Smiths’ brand portfolio has consolidated from three brands to one, with the closure of Powerstore operations and the rebranding of LV Martin in Wellington to Smiths City. That brought economies of operation and consistency to national advertising.

Smiths City chief executive Roy Campbell says that with a 30-year trading history, Furniture City is a “well-trusted brand” and the stores will continue to trade on under that name.

“We have a lot to learn about the Auckland market and we will let Furniture City be Furniture City.”

He added that Smiths is conducting a logistics review and the newly acquired Auckland warehouse is a strategic purchase that helps to reposition Smith’s national supply chain.

Smiths City’s half-year operating surplus was halved to $2.55 million, compared with $4.27 million in the same half last year. Both periods’ results were affected by extraordinary items relating to the Christchurch property, as well as “one off restructuring” costs. Operating revenues dipped 2.9 percent to $106.25 million.

The company has said in its half-year review, “A new cloud based logistics platform will enable complete visibility over our supply chain, facilitating better decision making around inventory and reducing the compliance cost of managing the relationships between ourselves and our suppliers.”

The integration of the platform will be complete in March 2016. It says it will see the benefits flow from this date.

This story originally appeared in NZRetail magazine issue 742 February / March 2016

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Countdown’s top team members honoured at its annual trade show

  • News
  • September 22, 2019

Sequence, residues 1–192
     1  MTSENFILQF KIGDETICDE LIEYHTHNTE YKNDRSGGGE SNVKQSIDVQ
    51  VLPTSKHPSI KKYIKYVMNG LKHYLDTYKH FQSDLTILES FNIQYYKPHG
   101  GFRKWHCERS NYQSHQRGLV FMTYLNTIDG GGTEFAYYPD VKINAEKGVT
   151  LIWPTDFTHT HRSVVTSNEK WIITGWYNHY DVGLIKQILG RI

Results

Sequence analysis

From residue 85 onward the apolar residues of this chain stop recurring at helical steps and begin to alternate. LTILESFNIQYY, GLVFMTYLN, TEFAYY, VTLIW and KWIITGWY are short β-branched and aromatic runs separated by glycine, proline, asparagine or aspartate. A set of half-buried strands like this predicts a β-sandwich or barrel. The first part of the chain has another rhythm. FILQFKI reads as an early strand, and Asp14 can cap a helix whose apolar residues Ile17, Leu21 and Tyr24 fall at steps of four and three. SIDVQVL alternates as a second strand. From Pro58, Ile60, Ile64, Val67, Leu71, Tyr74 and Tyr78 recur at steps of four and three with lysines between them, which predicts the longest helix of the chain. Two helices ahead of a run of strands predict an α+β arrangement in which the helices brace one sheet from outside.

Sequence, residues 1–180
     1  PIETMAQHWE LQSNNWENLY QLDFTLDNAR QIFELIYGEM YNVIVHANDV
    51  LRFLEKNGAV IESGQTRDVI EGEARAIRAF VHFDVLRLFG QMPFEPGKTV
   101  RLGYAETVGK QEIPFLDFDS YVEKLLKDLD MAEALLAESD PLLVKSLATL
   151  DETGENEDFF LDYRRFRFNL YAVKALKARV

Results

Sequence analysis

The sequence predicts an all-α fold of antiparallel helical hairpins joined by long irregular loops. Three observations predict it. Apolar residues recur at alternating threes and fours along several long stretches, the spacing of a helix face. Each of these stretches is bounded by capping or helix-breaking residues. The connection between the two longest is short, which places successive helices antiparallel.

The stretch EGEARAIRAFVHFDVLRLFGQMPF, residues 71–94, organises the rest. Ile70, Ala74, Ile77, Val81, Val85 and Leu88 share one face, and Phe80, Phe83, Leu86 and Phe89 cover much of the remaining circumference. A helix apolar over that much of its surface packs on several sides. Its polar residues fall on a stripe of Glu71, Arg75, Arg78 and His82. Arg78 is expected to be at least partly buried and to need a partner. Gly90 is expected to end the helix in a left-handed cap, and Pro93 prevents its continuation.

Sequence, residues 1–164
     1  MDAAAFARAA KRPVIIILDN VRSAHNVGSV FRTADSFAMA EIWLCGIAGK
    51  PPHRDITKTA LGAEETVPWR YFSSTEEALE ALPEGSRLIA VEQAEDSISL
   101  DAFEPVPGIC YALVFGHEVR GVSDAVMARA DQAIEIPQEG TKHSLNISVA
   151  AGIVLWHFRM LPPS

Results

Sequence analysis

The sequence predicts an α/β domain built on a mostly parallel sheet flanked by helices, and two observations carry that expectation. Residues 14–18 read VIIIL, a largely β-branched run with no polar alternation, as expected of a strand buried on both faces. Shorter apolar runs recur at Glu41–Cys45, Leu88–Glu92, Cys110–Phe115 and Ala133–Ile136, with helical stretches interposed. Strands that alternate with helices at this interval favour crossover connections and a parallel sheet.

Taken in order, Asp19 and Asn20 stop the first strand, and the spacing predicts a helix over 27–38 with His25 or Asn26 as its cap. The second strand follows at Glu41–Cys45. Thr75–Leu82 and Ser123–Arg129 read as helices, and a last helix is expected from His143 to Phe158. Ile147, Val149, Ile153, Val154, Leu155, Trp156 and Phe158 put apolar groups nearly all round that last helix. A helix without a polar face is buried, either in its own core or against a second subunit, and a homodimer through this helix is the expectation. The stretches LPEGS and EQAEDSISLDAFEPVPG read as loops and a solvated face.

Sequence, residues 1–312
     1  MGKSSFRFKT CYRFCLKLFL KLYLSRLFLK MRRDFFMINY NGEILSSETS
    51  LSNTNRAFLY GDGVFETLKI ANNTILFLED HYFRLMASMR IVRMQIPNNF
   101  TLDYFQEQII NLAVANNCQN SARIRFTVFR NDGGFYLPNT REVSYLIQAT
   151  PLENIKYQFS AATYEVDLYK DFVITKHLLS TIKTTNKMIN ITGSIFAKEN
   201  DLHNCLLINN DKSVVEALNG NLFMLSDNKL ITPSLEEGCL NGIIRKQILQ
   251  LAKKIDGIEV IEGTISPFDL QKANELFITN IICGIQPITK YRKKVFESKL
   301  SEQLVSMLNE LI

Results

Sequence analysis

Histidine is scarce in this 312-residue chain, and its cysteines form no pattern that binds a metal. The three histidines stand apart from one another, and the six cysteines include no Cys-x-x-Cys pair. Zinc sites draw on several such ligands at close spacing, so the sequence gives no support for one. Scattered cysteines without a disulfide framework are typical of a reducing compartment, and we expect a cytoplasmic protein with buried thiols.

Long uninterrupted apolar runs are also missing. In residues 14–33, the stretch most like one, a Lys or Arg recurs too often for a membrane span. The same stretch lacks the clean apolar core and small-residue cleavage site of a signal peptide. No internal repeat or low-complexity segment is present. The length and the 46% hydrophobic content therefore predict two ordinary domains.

• The Register team
Countdown’s top team members honoured at its annual trade show

Tom Jones-Griffiths from Countdown Newmarket is the grocery chain’s Store Manager of the Year 2019. He was recognised among other winning team members in a ceremony at the company’s annual trade show in Rotorua.

Read more

A temporary slowdown

  • Opinion
  • September 21, 2019
  • Satish Ranchhod
A temporary slowdown

Westpac senior economist Satish Ranchhod discusses how household spending growth has slowed in early 2019.

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Come and celebrate our industry with the who’s who of retail

  • News
  • September 19, 2019
  • The Register team
Come and celebrate our industry with the who’s who of retail

Our Gem Retail Hotlist is about celebrating the vitality and innovation of New Zealand’s retail sector. Get your free ticket and join our industry’s top retailers for the networking event of the year.

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The simple excitement of inflatable advertising

  • News
  • September 17, 2019
  • Courtney Devereux
The simple excitement of inflatable advertising

Our advertising landscape continues to rotate around the growth of digital and how digital can be used to further capture the attention of viewers.Yet there is one type of adverting so simple, so primal, so no-nonsense that even in this computer run society it has survived. We’re talking here, about inflatable, or balloon, advertising.